Harold Thomas Henry Carter, aka Boake Carter, was an American national news commentator in the 1930s and early 1940s. He was born in Baku, Russian Empire, where his father, Thomas Carter, worked for a British oil company. Carter would later claim his father had been in the British Consular Service. Carter grew up in the United Kingdom, and enlisted in the Royal Air Force at the age of fifteen, serving with the RAF's Coast Patrol for eighteen months. He attended Tonbridge School from 1918 to 1921, and would later claim to have attended Christ's College in Cambridge. He arrived in the United States on September 25, 1921, after his father was assigned to Mexico.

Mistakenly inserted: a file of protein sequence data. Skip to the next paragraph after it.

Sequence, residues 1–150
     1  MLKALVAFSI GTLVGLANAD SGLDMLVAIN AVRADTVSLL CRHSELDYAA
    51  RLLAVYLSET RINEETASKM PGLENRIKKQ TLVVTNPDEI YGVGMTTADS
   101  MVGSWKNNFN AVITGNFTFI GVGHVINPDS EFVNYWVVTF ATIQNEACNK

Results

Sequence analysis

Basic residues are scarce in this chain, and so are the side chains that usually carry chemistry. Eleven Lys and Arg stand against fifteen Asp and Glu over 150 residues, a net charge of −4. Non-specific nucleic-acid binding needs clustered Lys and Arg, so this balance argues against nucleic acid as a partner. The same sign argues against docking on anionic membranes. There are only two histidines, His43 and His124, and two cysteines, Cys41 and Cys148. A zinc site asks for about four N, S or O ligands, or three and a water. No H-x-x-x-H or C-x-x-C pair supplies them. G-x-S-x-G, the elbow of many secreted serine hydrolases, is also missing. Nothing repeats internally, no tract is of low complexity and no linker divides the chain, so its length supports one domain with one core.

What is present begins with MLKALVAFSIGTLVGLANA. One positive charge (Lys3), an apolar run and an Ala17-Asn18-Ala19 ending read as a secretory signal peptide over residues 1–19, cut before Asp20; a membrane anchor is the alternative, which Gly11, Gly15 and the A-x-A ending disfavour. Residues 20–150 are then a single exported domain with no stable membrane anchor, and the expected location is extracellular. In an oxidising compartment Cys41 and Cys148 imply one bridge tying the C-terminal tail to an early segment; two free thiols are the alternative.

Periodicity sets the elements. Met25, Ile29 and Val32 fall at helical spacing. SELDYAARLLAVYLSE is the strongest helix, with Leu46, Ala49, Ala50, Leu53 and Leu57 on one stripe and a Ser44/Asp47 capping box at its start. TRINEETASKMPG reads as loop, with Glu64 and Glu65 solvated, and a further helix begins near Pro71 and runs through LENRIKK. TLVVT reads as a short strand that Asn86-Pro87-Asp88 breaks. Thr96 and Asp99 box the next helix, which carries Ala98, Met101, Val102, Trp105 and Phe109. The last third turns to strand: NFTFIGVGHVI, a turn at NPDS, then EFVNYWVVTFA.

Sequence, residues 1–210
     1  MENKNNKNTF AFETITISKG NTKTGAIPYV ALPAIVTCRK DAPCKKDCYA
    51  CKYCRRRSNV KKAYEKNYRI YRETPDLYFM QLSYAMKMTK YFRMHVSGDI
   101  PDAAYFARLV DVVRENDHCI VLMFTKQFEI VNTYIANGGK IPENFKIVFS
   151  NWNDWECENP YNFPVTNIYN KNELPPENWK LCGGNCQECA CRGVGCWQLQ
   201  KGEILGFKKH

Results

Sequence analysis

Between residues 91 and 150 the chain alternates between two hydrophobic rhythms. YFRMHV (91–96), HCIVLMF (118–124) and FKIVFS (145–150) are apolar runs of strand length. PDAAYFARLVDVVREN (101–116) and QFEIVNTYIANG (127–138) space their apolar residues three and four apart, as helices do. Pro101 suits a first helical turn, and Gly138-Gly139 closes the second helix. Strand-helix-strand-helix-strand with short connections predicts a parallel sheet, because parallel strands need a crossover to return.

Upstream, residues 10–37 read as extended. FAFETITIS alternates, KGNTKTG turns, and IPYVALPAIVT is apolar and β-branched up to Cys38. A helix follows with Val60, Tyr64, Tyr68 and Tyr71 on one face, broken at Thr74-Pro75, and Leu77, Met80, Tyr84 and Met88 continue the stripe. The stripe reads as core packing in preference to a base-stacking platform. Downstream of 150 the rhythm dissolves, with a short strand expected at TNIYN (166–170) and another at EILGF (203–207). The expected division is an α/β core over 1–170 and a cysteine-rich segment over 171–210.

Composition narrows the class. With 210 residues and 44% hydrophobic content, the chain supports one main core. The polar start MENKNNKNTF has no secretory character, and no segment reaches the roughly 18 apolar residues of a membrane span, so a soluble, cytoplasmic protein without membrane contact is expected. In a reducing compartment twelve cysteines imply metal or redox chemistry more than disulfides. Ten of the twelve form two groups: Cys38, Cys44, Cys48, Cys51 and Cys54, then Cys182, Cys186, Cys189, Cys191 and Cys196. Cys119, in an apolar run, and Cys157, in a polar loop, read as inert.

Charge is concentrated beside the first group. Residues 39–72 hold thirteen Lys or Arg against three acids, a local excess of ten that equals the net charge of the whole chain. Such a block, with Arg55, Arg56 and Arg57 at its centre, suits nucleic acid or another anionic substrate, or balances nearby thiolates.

Carter worked at the Philadelphia Daily News as a journalist of no particular acclaim. He entered broadcasting as a news commentator with WCAU in Philadelphia in 1930, initially as the announcer for a rugby game, getting the job by default as he was the only person WCAU's director knew who was familiar with the sport. In 1931, he became the narrator for Hearst-Metrotone newsreels. He rose to fame as a broadcast journalist when he covered the Lindbergh kidnapping trial, beginning in 1932. He continued to work for WCAU, with his broadcasts distributed through the CBS network.